I chewed my bottom lip. Of course, she was right, but I had to make her understand how I felt. “I know I’ve not had much experience with guys, but this feels good and right, Katie.”
“Two guys and that idiot Salvatore is not ‘much experience’, Skye. It’s almost no experience,” Katie stated firmly. “Maybe he’s good in bed, but you seriously need to stop fooling yourself that this is going to lead anywhere.”
“I know it’s not going to lead anywhere,” I muttered.
Someone called to her then, and she said, “Look, I got to go, but I’ll call you tomorrow.”
“Speak tomorrow,” I said.
“Bye,” I echoed softly and the line went dead.
I switched off the light, and lay staring at the wall. The joy I had felt about gardening again was gone. Katie was right. I had to guard my heart. This would come to an end, this grand house, this luxurious bed, the greenhouse, and my amazing surroundings would be gone, and I would have to go out there into the world again and be Skye, the waitress.
From now on I had to remember that.
I was not a princess in a fairytale.
I was just Skye, the waitress.Chapter 24SkyeIt was still dark the next morning when I got out of bed and went to the kitchen. There was no one else around, but Madam Mitterand was already up and sitting at the table drinking something from a cup and looking into an open notebook. She looked up at me and frowned.
“Is something wrong?”
I shook my head. “Nothing is wrong. I was wondering if I could have some cake or cookies.”
Her eyes widened. “Cakes or cookies?”
“Yes, I wanted to take it to John.”
She looked at me as if I was mad. “You want to take cakes and cookies to John?”
“Yes, I spoke to Luca last night and he said I could.”
For a second she seemed lost for words, then she pushed her chair back and disappeared through a door. It must have been the pantry or something because she came back with two silver tins. Silently, she boxed some chocolate chip cookies and a few slices of butter cake into a white cardboard box. Then she tied the box with a red ribbon and handed it to me.
“His favorites,” she said.
“Thank you so much,” I said with a grateful smile.
She didn’t smile back, but she didn’t look hostile either. She just nodded formally.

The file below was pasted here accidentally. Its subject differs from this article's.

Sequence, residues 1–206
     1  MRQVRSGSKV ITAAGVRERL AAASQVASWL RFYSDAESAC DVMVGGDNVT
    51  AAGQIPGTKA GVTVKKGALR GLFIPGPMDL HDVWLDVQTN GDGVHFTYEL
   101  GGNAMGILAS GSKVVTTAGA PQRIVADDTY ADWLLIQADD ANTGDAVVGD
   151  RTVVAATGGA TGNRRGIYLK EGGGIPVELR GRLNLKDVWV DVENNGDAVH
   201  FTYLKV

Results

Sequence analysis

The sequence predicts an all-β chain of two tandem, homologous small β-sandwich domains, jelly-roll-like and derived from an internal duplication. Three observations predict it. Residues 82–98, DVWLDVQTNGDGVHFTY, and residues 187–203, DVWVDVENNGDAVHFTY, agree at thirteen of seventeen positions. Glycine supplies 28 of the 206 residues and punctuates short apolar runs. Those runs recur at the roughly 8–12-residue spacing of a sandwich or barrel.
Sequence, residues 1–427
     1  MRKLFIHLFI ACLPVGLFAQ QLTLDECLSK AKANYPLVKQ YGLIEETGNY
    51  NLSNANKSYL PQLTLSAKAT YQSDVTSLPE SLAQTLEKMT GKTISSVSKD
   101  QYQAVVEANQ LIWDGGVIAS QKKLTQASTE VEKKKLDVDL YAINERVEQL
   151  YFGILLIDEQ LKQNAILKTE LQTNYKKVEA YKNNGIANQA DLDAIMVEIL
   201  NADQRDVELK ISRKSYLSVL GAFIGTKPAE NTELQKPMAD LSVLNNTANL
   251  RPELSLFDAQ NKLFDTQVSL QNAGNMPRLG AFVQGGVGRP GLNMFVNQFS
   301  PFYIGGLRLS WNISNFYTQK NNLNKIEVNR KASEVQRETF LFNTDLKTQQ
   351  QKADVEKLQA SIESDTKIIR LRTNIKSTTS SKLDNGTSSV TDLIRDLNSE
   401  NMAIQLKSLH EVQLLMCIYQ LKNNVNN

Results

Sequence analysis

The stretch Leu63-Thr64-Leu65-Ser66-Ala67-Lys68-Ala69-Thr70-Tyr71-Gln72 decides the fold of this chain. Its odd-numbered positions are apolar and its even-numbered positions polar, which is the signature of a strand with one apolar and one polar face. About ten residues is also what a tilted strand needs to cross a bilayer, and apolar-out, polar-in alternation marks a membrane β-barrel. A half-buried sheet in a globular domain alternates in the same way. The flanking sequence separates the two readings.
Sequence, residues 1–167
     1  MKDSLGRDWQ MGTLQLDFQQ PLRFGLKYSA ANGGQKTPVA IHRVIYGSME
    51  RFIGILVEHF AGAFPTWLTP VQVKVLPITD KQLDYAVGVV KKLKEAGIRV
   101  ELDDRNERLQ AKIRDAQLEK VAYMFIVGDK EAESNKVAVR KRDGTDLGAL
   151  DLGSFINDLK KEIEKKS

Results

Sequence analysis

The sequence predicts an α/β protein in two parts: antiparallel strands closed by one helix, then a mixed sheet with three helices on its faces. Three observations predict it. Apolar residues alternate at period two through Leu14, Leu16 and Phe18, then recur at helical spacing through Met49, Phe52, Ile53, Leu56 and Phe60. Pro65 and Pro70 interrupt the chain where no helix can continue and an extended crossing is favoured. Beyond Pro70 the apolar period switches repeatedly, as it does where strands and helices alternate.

The light outside was blue and I ran through the snow like a child. I felt full of hope. I knew now I was Skye the waitress, but it was okay to be Skye the waitress. Life was still good. My father was getting the best treatment money could buy, and I was here in the most beautiful place on earth. And I was going to learn to garden again.
The greenhouse came into view. There were no lights in it so maybe John was not there yet.
However, when I peeped through the glass walls I saw him already bent before a row of vegetables on the ground.
Right. Smile lots. I straightened my back and was about to go to the door when he turned and saw me watching him.
He sighed elaborately.
I grinned at him like a fool and lifted my box of goodies to show him that I had something for him.
With another sigh he rose to his feet. When he started to walk towards the entrance I quickly ran over to meet him at the door. He stopped a few feet away from me.
“I brought you cookies and cake,” I said and smiled again.
“What kind?” he asked.
“Chocolate chip cookies and butter cake.”
A smile cracked on to his face. “Madam packed it?”
I nodded and quickly closed the distance between us, handed him the box.
“What exactly do you want to do in here?” he asked, his old fingers stroking the red ribbon on the box.
“Help you out,” I said softly. “Learn how to plant some flowers.”
His tone was gruff. “I don’t need you to help me out. What flowers do you want to plant?”
“Sweet peas, Alliums, Bugleweed. Anything. Even vegetables if I can’t grow flowers.”
“Do you have the seedlings?”
My heart rate picked up. “I… I’ll order them tomorrow.”
He gave me an exasperated look, then turned around to walk deeper into the greenhouse. My heart swelled with excitement as I followed him into the huge glass encased paradise that smelled of earth and good things.
“There,” he pointed to an uncultivated patch of soil.
But to me it seemed especially beautiful because it was demarcated by a small pond which I crossed over on a planked platform that acted as a bridge. On the pond’s surface were huge floating lily pads and the occasional flick of a fish’s silvery fin as it swam around in bliss. I squealed inside and pressed my hands together in gratitude.